Louise Glück, the 80-year-old Nobel winner, was a poet of unwavering candor and vision who skillfully combined philosophical musings, bittersweet memories, funny asides, and classical allusions to create unforgettable depictions of a broken and heartbreaking world.

Her editor at Farrar, Straus & Giroux, Jonathan Galassi, confirmed Glück’s passing on Friday. Her publisher stated that she passed away from cancer at her Cambridge, Massachusetts, home. The Pulitzer Prize-winning poet Jorie Graham, a former pupil of Glück’s, stated that the author’s diagnosis was recent.

Graham remarked, “I find it very much like her that she only found out she had cancer a few days before she passed away.” “Her entire sensibility was cut so close to the spine of time, both on and off the page.”

Over the course of a more than 60-year career, Glück crafted a story that was marked by moments of ecstasy and contentment but also by tragedy, disillusionment, inertia, and longing. As the first American poet to receive the prize since T.S. Eliot in 1948, the Nobel jury commended her for “her unmistakable poetic voice that with austere beauty makes individual existence universal” as they awarded her the 2020 Literature Prize.

Nobel Laureate Louise Glück, Famed for Her Candid Lyricism, Dies at 80

The majority of Glück’s poems were one page or fewer in length, and they perfectly reflected her devotion to “the unsaid, to suggestion, to eloquent, deliberate silence.” She was influenced by a variety of writers and artists, including Shakespeare, Greek mythology, and Eliot. In her most well-known poem, “Mock Orange,” she challenged and occasionally rejected the notion that love and sex are inherently linked. For Glück, life was much like a tumultuous love affair: it was destined for sadness, yet it had significance because suffering is our innate state, and it was better than what she thought would come next.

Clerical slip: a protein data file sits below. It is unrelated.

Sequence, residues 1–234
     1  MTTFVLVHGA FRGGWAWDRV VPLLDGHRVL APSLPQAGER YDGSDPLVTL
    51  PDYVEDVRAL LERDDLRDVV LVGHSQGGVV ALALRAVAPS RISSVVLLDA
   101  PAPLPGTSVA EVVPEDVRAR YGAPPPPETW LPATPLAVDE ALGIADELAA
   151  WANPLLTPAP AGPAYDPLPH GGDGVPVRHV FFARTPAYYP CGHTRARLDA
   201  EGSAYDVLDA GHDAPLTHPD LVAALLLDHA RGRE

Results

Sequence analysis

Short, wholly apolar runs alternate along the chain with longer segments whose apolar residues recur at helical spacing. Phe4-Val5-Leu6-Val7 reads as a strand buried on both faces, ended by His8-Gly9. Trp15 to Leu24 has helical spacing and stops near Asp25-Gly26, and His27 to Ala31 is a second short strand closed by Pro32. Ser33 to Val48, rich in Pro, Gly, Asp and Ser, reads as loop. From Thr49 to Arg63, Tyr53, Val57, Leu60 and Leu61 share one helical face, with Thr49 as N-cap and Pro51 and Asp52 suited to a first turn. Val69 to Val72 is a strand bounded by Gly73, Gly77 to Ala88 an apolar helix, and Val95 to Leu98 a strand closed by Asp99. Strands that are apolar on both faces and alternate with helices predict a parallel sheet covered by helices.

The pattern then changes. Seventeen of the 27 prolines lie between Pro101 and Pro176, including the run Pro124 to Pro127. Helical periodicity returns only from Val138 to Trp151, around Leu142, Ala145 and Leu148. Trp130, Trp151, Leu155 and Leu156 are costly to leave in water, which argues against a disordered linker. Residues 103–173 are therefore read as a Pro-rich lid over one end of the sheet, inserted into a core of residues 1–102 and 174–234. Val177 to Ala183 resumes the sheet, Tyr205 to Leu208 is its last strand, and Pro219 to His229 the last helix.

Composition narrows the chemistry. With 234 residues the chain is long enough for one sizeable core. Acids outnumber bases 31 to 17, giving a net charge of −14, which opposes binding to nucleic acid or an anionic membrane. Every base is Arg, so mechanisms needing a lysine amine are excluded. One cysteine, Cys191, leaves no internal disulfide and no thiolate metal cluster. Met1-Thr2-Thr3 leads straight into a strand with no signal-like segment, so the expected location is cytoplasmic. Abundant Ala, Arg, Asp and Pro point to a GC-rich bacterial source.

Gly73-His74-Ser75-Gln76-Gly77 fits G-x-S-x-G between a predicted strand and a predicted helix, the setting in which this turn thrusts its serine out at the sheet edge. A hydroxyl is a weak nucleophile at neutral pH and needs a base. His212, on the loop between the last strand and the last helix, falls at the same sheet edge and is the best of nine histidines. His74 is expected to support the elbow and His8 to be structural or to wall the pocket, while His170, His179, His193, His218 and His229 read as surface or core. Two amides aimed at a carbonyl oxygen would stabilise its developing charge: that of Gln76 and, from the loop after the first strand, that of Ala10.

She once remarked, “The advantage of poetry over life is that poetry, if sharp enough, may last.” The narrator of the poem “Summer” recalls “the days of our first happiness,” when everything appeared to have “ripened,” as she speaks to her spouse.

The circles then got smaller. The nights grew cooler gradually;

The willow’s pendant leaves

Shadded and dropped. And it started in each of us

A profound seclusion, even though we never discussed it,

of the lack of remorse.

My spouse and I once again became artists.

We could carry on with the trip.

Pulitzer Prize-winning poet Tracy K. Smith claimed in a statement on Friday that Glück’s poetry had often “saved” her.Read More: Susan Sarandon’s Daughter Eva Amurri Shares News of Engagement With Partner Chef Ian Hock in 2023

Nobel Laureate Louise Glück, Famed for Her Candid Lyricism, Dies at 80

“These lyrics from “The Wild Iris”—”At the end of my sorrow / there was a door”—come to me all the time. Moreover, consider these passages from “The House on Marshland”: “Imagine that the darkness lifts during your lifetime.” She commented, “It seems as though her restrained, deliberate syntax creates a way into and through the weight of living.